Kasekende suggested the need to have contracts sized appropriately to meet capacity and financial capability, support to smaller sub-contractors to meet quality and Health Safety and Environmental (HSE) standards, and sub-contracting of smaller Albertine Basin companies to maximise Ugandan employment.

However, some representatives of international oil companies said many opportunities exist for the local firms, but failure to submit proper tender and bid documents worked against their chances to win contracts.

While presenting on the procurement strategy for the upcoming Engineering, Procurement and Construction (EPC) phase, Matthew Kyaligonza from CNOOC Uganda Limited said, “If you want to have a successful bid, do not submit generic tender responses; match responses to questions asked, separate proposals, especially Price from Un-priced Commercial Proposal, complete the bid proposal and submit on time.”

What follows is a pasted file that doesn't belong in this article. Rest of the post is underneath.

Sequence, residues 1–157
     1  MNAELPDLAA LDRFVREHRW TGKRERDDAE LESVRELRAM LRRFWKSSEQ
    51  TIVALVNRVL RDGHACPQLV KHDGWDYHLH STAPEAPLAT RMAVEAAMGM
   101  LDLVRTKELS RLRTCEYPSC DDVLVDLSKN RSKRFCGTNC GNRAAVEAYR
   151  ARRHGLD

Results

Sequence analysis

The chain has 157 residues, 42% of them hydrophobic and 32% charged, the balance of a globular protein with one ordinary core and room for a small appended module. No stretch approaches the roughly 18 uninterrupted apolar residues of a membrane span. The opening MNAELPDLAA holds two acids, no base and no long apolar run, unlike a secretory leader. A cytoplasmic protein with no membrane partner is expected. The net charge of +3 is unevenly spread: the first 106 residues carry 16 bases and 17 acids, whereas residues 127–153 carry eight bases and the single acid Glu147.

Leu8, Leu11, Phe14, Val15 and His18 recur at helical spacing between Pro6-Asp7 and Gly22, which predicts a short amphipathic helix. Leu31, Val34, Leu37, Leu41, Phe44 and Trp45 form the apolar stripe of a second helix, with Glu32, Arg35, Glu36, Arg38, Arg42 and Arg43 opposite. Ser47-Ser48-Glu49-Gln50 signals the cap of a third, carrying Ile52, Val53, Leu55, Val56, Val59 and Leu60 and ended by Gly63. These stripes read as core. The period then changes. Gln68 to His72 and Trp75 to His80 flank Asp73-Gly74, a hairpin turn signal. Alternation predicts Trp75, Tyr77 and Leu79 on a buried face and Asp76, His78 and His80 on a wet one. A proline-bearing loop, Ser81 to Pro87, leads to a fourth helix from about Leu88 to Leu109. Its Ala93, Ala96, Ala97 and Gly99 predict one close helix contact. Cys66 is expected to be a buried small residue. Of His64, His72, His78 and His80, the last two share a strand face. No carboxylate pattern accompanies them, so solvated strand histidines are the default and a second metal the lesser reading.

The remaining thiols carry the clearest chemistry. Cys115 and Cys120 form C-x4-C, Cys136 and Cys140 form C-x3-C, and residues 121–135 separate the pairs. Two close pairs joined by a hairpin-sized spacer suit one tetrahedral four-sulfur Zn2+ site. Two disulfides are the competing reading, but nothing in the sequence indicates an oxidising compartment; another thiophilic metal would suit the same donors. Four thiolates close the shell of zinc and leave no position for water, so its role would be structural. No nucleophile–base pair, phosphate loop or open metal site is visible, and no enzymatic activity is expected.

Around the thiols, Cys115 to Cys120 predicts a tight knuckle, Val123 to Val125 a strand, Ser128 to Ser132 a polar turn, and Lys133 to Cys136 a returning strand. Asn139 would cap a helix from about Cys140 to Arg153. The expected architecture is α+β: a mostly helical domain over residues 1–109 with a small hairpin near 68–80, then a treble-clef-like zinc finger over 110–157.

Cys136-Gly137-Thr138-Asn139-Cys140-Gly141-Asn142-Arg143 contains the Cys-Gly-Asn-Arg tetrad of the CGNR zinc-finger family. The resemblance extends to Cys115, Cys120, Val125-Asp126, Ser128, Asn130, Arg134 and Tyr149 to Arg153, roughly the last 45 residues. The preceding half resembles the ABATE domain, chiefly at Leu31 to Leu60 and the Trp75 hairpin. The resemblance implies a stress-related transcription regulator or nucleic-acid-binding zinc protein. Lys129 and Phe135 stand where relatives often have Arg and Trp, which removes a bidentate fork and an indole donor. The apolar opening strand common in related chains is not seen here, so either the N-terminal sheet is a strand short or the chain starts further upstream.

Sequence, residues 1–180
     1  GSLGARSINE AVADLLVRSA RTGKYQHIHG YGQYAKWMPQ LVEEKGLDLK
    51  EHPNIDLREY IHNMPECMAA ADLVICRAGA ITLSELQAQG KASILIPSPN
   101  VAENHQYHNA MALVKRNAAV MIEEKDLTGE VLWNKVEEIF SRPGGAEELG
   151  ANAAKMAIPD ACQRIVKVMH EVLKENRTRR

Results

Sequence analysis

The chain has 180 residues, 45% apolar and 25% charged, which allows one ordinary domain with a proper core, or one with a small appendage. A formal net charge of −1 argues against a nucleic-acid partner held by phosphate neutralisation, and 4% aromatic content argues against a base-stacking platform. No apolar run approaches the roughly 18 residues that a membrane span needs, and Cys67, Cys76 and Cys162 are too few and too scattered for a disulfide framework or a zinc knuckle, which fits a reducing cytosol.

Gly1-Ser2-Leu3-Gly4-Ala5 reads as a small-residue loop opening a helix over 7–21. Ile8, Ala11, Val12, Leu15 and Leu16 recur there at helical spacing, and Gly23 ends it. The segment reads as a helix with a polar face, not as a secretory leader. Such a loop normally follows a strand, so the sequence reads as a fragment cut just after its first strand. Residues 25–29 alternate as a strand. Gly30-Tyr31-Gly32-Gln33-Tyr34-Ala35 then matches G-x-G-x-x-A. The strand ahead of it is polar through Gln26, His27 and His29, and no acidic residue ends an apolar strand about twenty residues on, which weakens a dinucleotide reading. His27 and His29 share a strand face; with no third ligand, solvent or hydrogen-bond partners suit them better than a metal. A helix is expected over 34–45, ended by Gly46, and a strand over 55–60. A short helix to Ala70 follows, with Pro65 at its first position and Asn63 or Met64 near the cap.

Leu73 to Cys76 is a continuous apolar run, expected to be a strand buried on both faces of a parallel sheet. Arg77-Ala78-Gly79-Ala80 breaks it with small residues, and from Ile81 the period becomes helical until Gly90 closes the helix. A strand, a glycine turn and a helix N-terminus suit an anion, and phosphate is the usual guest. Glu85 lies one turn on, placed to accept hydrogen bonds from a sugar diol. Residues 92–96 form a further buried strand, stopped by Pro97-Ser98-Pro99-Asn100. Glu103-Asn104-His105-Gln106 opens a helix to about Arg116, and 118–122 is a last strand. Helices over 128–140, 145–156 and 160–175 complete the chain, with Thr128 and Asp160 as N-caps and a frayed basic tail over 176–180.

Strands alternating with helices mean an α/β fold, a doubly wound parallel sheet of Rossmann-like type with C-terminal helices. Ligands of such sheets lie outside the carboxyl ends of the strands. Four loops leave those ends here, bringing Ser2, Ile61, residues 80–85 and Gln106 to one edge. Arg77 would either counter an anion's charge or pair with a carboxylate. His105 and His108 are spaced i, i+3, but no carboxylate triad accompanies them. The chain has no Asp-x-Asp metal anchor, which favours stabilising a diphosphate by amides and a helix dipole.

The conference was opened by Eng. Monica Azuba Ntege, the Minister of Works and Transport, under the theme ‘Enhancing participation of national entities in high-value Engineering and Construction contracts in Uganda’s oil and gas sector’.

She told the local engineering community and associated professional bodies on how best to harness the linkages and opportunities in Uganda’s oil and gas sector. She said the construction phase provides opportunities for Ugandan firms and individuals to offer related services and supplies.

“I have been briefed that the oil and gas sector is expected to generate $15 billion to $20 billion in investment during the next three years in various projects that will lead to First Oil. Government has put in place an enabling legal framework for the participation of Ugandans in these activities, and for your information, civil works and provision of available construction materials are ring-fenced for Ugandans,” she said.

The Minister encouraged the professionals, contractors, manufactures and suppliers with the necessary competencies and capacity to explore these opportunities.